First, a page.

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In software development at Microsoft we have a concept that I’ve always found personally relevant. It’s called Zero Bug Bounce (ZBB) and it refers to a period in time in which the development team is consistently “bouncing at zero bugs” every single day. At this point in the project, all active bugs in the software have been looked at and either punted or fixed – and the team’s fix rate (or the rate at which they’re able to fix bugs) is greater than the team’s incoming rate (or the rate at which new bugs are being opened). The code is almost ready to see the light of day in the real world.
I always love hitting and maintaining ZBB because there’s a complete sense of control over the project. Every member of the engineering team knows each and every bug and you can feel the momentum pulling you towards the eventual finish line. When that finish line means half a billion people are going to start downloading or using the thing you’ve been working on, it’s electric. Which is part of the reason I love my day job unlike most bloggers 😉
Several years ago I started thinking about a number of things in my life as being at ZBB in order to give myself a mental framework – and more importantly a visual – for getting to zero and bouncing off of it regularly. The list is actually quite extensive and includes my snail mail box, bills I need to pay, all of my various electronic inboxes, voicemails, RSS feeds, and so on. When these things aren’t under control I can immediately feel my blood pressure start to rise because it means I’m not being effective and important things could be slipping through the cracks and hitting the floor.
“Being effective” varies quite a bit depending on what we’re talking about, and the time between the actual bounces off of zero can vary a ton. I don’t worry so much about driving my Netflix movies to zero aggressively – that would take all the fun out of watching the movies! :) But I do think about bouncing off of zero at times or I may not be getting my money’s worth on the subscription. Yet when it comes to my email and tasks, I strive to bounce off of zero daily or at least every few days given their importance.
Here’s a visual for what a bouncing could look like:
There are always going to be spikes in the chart on days when bouncing at zero is just impossible. As a matter of fact, the reason I decided to write about this topic today is because my family just returned from a 5-day trip to Mexico and I returned to serious spikes across the board. My physical mailbox was overflowing, my inboxes were bursting at the seams (>200 messages), I had requests and adds on Facebook, Twitter, and LinkedIn, our laundry was overflowing, we had almost 1000 photos and videos to process, and so on. Needless to say I didn’t bounce at zero with anything for a few days after we returned.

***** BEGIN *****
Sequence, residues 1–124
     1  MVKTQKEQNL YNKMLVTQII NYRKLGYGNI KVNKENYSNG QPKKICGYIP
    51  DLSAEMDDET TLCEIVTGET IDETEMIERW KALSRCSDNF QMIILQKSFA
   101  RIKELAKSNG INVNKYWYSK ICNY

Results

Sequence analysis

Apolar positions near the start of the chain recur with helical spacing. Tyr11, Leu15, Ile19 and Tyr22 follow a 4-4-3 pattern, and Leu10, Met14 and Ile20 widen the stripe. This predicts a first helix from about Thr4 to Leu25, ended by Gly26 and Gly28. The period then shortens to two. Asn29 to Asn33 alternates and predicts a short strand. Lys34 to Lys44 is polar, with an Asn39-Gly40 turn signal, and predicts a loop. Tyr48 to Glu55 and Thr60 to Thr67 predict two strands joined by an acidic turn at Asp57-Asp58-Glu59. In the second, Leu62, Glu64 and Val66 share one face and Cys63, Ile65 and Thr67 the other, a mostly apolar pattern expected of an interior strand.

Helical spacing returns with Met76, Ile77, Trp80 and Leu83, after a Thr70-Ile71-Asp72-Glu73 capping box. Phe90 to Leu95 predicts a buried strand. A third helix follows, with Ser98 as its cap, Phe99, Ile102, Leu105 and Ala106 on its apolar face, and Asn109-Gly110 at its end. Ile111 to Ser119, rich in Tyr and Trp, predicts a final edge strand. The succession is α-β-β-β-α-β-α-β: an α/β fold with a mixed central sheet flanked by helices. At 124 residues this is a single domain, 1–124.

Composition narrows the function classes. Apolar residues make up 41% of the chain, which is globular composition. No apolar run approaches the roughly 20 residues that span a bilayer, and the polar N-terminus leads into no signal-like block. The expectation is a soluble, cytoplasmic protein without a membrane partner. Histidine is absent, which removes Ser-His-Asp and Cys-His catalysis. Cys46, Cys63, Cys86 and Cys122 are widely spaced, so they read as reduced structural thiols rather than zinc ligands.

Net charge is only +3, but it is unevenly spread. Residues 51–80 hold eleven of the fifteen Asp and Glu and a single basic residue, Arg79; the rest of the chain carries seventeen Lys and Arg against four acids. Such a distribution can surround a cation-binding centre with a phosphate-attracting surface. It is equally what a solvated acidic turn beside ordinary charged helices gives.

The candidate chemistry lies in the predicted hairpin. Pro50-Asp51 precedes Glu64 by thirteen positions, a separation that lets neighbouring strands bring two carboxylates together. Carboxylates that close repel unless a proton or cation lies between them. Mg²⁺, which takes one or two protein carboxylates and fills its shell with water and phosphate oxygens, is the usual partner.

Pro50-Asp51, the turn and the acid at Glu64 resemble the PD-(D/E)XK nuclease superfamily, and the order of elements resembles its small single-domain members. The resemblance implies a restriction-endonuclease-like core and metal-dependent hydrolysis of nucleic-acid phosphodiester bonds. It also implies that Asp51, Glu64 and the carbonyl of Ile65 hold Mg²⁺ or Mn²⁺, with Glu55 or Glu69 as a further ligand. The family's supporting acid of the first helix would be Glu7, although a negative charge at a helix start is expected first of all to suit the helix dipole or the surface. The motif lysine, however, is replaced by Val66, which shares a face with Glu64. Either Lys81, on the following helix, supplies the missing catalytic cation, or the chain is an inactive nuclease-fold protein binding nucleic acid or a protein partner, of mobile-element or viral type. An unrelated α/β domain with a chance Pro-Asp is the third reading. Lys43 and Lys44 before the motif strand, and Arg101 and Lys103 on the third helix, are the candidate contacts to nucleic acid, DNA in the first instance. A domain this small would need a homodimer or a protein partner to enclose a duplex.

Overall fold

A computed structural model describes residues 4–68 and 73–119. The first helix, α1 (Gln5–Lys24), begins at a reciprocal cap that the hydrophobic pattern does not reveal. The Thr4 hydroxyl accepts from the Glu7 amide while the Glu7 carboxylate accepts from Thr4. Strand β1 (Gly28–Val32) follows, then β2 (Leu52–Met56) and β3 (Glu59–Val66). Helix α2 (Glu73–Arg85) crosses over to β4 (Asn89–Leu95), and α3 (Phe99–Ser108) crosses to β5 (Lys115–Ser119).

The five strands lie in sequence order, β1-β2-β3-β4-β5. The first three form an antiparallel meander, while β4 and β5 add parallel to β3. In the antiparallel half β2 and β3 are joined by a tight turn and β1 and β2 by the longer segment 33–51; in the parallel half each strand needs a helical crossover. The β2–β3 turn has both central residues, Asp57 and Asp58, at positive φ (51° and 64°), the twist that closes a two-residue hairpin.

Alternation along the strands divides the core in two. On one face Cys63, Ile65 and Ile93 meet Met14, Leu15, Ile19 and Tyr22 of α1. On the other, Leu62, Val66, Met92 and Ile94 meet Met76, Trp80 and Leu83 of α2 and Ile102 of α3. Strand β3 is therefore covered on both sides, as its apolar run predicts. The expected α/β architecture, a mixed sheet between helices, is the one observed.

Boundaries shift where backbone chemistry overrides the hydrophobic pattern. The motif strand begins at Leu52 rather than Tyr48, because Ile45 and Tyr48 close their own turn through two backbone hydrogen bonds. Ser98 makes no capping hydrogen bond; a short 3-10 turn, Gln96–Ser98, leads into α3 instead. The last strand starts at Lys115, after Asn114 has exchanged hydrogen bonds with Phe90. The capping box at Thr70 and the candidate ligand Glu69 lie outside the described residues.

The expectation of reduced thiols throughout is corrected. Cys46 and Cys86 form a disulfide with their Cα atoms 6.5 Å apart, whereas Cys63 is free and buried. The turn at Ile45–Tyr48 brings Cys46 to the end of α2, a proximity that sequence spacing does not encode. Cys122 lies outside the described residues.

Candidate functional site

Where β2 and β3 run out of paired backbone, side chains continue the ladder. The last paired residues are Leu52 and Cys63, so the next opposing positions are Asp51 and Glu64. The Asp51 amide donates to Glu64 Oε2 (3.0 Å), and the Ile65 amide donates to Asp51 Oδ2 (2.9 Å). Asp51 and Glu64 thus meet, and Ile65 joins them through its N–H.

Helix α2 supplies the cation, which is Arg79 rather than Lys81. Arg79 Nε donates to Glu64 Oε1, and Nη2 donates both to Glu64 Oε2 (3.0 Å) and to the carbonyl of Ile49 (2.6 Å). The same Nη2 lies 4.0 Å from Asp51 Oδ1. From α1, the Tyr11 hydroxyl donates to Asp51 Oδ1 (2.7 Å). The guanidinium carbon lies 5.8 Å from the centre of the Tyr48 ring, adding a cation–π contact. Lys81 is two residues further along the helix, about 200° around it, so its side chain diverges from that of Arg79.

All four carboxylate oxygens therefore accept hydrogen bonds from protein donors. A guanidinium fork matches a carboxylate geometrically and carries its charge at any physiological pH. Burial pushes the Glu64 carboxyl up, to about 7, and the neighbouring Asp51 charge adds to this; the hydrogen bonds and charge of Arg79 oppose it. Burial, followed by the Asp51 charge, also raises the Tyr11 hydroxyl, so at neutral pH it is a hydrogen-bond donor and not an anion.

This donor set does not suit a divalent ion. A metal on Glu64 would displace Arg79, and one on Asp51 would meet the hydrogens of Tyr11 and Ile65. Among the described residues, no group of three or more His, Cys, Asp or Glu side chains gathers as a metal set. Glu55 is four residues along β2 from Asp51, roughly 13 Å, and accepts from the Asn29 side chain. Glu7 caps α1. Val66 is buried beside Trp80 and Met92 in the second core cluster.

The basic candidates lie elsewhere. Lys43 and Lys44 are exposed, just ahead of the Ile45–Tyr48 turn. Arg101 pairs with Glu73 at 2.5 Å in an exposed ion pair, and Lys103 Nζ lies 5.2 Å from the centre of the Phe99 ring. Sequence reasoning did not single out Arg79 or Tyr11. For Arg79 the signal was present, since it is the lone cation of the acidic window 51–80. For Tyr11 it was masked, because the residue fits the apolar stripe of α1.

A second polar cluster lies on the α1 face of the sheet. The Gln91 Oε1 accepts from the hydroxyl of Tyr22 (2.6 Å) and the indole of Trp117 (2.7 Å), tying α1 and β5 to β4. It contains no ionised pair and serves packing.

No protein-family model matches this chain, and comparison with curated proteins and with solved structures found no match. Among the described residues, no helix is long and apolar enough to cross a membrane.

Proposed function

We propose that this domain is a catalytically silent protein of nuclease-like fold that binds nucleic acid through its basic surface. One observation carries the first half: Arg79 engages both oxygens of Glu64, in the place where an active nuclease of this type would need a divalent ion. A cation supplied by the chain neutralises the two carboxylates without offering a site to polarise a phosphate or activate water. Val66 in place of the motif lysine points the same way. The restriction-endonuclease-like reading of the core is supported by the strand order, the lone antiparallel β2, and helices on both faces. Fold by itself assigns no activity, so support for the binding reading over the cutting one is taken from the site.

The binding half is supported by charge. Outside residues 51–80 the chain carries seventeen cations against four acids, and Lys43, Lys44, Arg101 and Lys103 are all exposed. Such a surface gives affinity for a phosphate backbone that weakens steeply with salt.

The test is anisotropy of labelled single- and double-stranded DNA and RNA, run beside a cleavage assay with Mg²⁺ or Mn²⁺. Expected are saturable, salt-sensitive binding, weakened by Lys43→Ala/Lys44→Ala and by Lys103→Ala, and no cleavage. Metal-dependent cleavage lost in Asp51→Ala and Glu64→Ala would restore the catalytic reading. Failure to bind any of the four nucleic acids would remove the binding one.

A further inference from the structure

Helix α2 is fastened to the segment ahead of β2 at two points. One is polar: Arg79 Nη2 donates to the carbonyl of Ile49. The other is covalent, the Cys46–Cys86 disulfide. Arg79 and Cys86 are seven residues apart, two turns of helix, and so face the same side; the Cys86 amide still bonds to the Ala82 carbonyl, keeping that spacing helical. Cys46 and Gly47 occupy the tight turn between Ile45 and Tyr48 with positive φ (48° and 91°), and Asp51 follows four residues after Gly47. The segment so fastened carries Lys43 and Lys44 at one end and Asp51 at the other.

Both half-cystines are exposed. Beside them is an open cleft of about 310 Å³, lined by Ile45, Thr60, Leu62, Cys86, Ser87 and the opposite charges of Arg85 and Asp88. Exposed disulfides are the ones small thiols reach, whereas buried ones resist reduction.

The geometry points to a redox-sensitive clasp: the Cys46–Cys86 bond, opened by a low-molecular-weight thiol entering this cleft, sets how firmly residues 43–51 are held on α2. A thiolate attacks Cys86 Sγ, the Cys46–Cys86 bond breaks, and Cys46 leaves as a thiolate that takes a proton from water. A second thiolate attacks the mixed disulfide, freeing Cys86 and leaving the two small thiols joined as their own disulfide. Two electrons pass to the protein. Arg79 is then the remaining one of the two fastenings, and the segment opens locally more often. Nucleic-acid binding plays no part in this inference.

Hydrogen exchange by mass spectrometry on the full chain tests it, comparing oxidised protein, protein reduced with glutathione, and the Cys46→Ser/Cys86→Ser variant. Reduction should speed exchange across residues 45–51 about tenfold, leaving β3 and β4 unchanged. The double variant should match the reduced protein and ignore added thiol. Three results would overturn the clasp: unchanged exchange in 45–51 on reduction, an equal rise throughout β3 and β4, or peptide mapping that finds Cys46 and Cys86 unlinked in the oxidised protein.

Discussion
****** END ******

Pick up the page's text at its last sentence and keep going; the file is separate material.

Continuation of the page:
But the concept helped get me back on track. I wanted to get back to bouncing (and believe it or not, that simple chart above does help me frame it!) With all the things that piled up while we were gone, we triaged every single item in each area. This means going through and deciding for each item what to do with it. This is similar to what development teams at Microsoft do for each bug – each bug is triaged and a decision is made on it. Sometimes it’s resolved as “won’t fix” and the bug disappears. Sometimes it’s postponed until a later date (which can be a slippery slope). And of course, sometimes it’s acted on and fixed. Either way, we get to zero almost every day.
The options for action vary depending on the area, but it’s important to note that just like all the bugs filed in a piece of software, getting to zero doesn’t always mean doing something direct like “fixing” it. For example, for my snail mail box I recycled 90% of it without even opening the envelopes and we were at zero in less than 10 minutes. My email was definitely more involved and took a couple days. You just need to decide what the next action is going to and deal with it appropriately.
Here are some things you may want to make a drive to zero on and then bounce regularly – this is a very short list compared to what it could be with a little more thought:
- Snail mailbox
- Personal and/or work email
- Daily task list
- RSS feeds
- Voicemails at work, home, and mobile
- Bills to pay
- Pending transactions in Quicken or Microsoft Money (or balancing your checkbook)
- Documents to scan/shred or file
- Magazines you’ve purchased or received
- Netflix movies and/or DVD rentals
- New podcasts
- Facebook and/or Twitter feeds and messages
- Books to read or put away
- Photos or videos to take off of your digital camera and file and/or share
- Links to check out
- CDs to rip and/or sample
- Updates to install to Windows or Mac OS X
- SMS/MMS messages
- Blog comments and drafts
Again, this doesn’t mean getting to zero by reading every email, blog entry, magazine, or book. It just means taking action on each item and deciding what to do with it next… and doing this repeatedly until you’re at zero and can keep yourself there.
It’s a simple concept which is why it works. Visualize the bounce at zero for areas of your life and you may find yourself more motivated to hit it habitually! It goes without saying that there’s a true sense of peace when you know every "inbox” in your life is under your complete control.